Spring2015.CITA180Homework4 History

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'''Assigned Date''': Friday, Mar. 13, 2015\\
'''Due Date''': Friday, Mar. 20, 2015\\
'''Due Time''': 9:20 AM

Last modified on {$LastModified} (see [[http://www.cs.cofc.edu/~manaris/index.php/Spring2015.CITA180Homework4?action=diff&source=n&minor=n | updates]])


Write '''three''' different programs, each modeling one of [[http://www2.nau.edu/tas3/bachindex.html | J.S. Bach's canons]].

Aim towards more complicated canons. The goal is to be as diverse (from your classmates) as possible.

!!Learning Objectives

* Analyze Bach canons and how they are constructed
* Apply Mod functions
* Synthesize programs that generate canons

Also how to:

* Analyze music and create musical studies modeled on pre-existing works.
* Apply numeric and string data types to represent information.
* Use variables in program development.
* Use predefined classes in program development (object-based programming).


The Golden Rule of Style: "A program should be as easy for a human being to read and understand as it is for a computer to execute." [1]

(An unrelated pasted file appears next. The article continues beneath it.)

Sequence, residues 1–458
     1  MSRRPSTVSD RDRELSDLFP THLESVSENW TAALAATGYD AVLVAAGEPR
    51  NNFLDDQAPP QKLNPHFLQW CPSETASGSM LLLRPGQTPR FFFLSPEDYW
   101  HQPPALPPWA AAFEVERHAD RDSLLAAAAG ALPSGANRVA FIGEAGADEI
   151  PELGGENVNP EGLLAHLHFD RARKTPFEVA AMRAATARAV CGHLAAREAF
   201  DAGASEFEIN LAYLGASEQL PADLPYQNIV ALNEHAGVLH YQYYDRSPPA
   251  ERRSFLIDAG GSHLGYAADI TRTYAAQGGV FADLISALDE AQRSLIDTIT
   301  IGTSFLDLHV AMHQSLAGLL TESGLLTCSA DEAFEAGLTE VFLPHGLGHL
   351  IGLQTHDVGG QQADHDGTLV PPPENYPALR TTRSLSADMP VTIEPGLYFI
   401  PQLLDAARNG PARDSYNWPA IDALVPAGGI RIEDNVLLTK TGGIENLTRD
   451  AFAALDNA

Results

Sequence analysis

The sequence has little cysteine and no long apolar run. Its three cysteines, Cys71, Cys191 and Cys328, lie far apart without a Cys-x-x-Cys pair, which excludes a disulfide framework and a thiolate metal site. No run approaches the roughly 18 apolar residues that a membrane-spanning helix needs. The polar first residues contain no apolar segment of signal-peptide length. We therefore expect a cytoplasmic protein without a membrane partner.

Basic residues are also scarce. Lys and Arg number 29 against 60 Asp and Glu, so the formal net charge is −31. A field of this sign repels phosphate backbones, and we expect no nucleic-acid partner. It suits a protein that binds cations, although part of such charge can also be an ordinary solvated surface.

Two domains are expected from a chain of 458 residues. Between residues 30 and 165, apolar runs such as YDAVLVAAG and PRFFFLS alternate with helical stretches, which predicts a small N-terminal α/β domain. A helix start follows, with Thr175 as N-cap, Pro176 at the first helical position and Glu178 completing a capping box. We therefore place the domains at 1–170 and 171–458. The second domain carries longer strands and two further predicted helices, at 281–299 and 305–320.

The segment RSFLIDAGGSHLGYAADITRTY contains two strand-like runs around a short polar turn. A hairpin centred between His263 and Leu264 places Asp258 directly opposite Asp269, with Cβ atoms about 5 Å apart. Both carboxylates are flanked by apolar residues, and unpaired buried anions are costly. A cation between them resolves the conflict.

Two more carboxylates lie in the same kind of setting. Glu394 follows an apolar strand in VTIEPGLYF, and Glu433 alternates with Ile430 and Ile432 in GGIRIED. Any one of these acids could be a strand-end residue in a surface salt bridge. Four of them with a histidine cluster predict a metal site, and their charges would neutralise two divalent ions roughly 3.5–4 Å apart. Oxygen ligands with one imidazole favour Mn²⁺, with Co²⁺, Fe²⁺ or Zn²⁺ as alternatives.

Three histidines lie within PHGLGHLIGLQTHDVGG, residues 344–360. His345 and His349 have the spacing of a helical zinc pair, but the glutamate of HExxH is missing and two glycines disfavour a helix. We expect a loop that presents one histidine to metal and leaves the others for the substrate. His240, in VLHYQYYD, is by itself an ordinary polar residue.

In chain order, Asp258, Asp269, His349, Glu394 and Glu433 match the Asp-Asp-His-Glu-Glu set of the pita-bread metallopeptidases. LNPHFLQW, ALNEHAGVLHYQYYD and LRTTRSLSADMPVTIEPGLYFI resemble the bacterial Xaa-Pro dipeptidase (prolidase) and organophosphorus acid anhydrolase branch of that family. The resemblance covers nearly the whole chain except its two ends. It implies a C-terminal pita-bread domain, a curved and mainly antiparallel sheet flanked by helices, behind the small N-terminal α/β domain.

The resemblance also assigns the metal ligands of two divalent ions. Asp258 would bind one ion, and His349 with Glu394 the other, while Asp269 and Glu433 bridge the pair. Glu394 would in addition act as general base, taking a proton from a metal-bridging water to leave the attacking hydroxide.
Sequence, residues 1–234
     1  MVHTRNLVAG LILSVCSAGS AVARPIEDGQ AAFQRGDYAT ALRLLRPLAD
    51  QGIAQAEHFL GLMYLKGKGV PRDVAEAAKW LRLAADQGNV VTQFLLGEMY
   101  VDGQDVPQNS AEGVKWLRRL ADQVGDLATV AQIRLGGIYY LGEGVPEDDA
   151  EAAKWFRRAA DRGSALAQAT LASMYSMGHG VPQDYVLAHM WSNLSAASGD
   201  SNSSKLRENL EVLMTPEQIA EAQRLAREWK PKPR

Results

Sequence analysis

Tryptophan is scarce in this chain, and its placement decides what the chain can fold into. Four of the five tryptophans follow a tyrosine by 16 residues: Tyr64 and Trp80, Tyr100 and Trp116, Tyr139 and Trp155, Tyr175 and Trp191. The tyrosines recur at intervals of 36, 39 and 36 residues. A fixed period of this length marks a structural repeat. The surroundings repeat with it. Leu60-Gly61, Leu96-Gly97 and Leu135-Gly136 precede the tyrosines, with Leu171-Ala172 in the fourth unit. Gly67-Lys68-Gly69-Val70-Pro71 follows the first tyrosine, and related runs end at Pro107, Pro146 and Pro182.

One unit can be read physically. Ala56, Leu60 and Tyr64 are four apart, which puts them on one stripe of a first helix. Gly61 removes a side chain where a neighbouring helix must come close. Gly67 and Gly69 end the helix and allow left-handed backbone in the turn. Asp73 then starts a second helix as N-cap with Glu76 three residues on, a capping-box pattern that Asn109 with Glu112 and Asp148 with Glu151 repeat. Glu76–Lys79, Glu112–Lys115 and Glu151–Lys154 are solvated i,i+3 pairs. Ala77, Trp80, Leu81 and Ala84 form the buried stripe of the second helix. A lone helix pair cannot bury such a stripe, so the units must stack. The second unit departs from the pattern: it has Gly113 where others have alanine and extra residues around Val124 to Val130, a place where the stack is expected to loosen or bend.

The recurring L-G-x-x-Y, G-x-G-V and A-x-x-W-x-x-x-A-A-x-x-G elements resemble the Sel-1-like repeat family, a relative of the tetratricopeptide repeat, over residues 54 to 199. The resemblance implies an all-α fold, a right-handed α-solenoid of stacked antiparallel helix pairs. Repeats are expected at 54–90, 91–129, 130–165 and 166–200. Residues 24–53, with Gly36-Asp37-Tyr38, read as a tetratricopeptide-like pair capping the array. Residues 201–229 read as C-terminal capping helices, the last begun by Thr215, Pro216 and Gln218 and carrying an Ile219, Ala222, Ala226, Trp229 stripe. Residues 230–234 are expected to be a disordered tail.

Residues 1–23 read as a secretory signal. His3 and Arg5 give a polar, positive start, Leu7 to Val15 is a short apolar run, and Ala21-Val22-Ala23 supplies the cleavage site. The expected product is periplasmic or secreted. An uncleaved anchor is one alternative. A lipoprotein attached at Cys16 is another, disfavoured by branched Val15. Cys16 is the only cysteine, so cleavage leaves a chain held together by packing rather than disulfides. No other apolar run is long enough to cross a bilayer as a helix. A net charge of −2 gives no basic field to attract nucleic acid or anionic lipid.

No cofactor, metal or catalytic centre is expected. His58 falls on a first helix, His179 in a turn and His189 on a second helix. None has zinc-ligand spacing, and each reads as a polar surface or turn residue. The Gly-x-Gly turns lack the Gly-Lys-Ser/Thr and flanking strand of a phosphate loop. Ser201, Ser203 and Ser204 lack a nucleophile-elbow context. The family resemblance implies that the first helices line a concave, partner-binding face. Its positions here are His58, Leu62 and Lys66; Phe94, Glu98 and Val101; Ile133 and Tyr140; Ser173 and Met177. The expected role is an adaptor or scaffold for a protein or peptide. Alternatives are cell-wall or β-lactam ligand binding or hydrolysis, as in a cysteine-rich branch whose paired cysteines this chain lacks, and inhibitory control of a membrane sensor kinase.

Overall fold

In general, you should comment any variable, obscure statement, block of code, etc. you create.

Follow the documentation instructions from [[http://www.cs.cofc.edu/~manaris/?n=Spring2015.CITA180Homework1?action=print | Homework 1]]. In particular, your header documentation should mention the name of the piece where the music comes from, and, if you used a score available on-line, include the URL where the score can be found.


Once you complete the above, create your own music (using Mod functions in a meaningful way), for bonus points.

Document your idea in the program's comments, so that I'll know what you are trying to do, when I am grading.


You will submit your assignment via [[https://lms.cofc.edu/ | OAKS]]. Be ready to demo your music to the class. Your submission consists of:

# Your Python programs. Give them meaningful names (see Ch. 4 for examples).

# The MIDI files generated from your program. Again, give them meaningful names.

# Printouts of your programs - to be submitted in class during the performance.


Your grade will be based on how well you followed the above instructions, and the depth/quality of your work.


# Cooper, D. and Clancy, M. (1985) "Oh! Pascal", 2nd ed., W.W. Norton & Company, New York, p. 42.